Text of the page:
3. Engagement Rate
This metric varies wildly depending on the Internet environment you’re in. Engagement rate is all about measuring participation, so likes or re-shares would be a form of engagement on Twitter. Comments, shares, and other interactions are engagements on Facebook, while time spent watching videos, liking or subscribing is part of the engagement rate metrics for YouTube.
Even a website can measure engagement rates, such as time spent on a particular page, scroll depth, or reaching out to contact or comment on the website.
You can use all of these different metrics in one form or another across different social media platforms, but they can have very different implications, depending on the business and the platform.
Here are some of the benchmarks that a business should look at when it comes to social media across different platforms.
Post-secondary institutions such as universities and colleges are, unsurprisingly, very age-oriented. This can be seen in the way the benchmarks vary dramatically based on the different social media platforms, which themselves skew towards different age demographics. The RivalIQ breakdown across different platforms gives us these benchmarks:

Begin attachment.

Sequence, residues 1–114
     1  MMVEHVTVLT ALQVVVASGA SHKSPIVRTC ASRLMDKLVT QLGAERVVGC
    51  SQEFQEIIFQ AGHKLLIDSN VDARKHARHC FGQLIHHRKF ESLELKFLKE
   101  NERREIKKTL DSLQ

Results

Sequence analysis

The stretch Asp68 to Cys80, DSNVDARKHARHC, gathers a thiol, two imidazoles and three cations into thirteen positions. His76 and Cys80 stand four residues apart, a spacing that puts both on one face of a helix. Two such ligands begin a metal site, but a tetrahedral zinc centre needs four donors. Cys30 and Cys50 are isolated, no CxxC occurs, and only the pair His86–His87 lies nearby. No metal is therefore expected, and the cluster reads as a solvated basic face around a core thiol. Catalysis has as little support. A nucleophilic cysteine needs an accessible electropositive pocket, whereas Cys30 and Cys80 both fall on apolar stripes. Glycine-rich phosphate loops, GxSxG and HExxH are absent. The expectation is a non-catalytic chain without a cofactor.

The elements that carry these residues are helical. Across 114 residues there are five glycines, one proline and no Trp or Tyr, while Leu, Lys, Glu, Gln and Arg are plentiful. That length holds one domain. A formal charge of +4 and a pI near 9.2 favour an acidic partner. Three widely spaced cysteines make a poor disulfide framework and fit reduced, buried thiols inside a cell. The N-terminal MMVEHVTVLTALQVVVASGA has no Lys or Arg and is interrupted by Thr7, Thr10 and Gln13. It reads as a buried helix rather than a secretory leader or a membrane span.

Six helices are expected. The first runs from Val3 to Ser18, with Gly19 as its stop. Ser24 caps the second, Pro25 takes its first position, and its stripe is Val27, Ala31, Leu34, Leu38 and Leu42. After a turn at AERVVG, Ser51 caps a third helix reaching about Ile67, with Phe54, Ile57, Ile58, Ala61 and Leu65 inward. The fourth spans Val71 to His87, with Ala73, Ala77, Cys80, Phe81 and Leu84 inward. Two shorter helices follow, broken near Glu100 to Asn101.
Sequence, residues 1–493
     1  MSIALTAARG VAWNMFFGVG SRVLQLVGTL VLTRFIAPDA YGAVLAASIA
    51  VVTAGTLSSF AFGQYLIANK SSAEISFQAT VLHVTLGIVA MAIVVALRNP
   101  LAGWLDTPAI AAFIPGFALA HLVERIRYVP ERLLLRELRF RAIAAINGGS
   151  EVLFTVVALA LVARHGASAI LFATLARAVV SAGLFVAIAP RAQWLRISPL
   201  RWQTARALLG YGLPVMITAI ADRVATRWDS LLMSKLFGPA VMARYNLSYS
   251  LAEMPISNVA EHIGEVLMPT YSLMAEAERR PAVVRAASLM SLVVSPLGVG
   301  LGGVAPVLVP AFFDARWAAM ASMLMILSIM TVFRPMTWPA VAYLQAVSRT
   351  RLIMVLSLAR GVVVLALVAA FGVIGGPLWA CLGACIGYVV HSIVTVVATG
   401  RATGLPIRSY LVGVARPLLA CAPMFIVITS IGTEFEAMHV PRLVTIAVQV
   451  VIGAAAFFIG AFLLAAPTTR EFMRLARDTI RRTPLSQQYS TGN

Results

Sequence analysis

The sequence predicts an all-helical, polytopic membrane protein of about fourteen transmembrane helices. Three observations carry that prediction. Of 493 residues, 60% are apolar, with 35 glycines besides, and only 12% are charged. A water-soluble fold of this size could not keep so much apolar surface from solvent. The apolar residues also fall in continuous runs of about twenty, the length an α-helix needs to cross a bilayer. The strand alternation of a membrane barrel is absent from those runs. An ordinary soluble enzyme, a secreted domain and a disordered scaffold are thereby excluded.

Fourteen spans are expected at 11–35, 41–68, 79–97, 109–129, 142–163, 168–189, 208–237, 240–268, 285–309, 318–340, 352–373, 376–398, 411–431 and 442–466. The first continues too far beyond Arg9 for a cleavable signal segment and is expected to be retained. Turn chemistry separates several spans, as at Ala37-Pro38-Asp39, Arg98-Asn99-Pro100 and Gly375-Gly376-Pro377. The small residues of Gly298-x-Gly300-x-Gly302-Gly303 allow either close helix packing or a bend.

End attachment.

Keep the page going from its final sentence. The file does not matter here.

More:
On average, Higher Education groups posted about 1.08 times daily on Facebook, with a return of about 0.12% engagement per post. This is not very impressive, but it is also consistent with the fact that Facebook caters primarily to the Baby Boomer and Generation X demographic, which doesn’t have the same interest in school.
Higher education fares a little better on Twitter. Groups here posted on average about 1.78 times daily, and even though the average engagement rate seems deceptively lower, at 0.08%, this is offset by the engagement rate with videos, and especially with holiday-related hashtags.
This is the clear winner for benchmarks when it comes to higher education. At just 0.49 posts per day, Instagram commands an impressive 3.96% average engagement rate per post. This is largely due to the age of the average Instagram user, between 18 and 24, a key post-secondary age range, and the use of photos and specific features like Carousel.
One benchmark that many in different businesses want to keep an eye on is influencers. Celebrity endorsements have always been popular, but personalities have been taken to a whole new level online, with niche personalities commanding sizable audiences. Here’s how influencers stack up.
Influencers command the space when it comes to Facebook. With 0.95 posts per day, they still garnered a 0.12% average engagement rate. Compared to other industries on Facebook this is quite good.
Influencers didn’t work so well on Twitter. In fact, at 0.99 posts per day, with a return of 0.036% engagement, they did worse on this platform.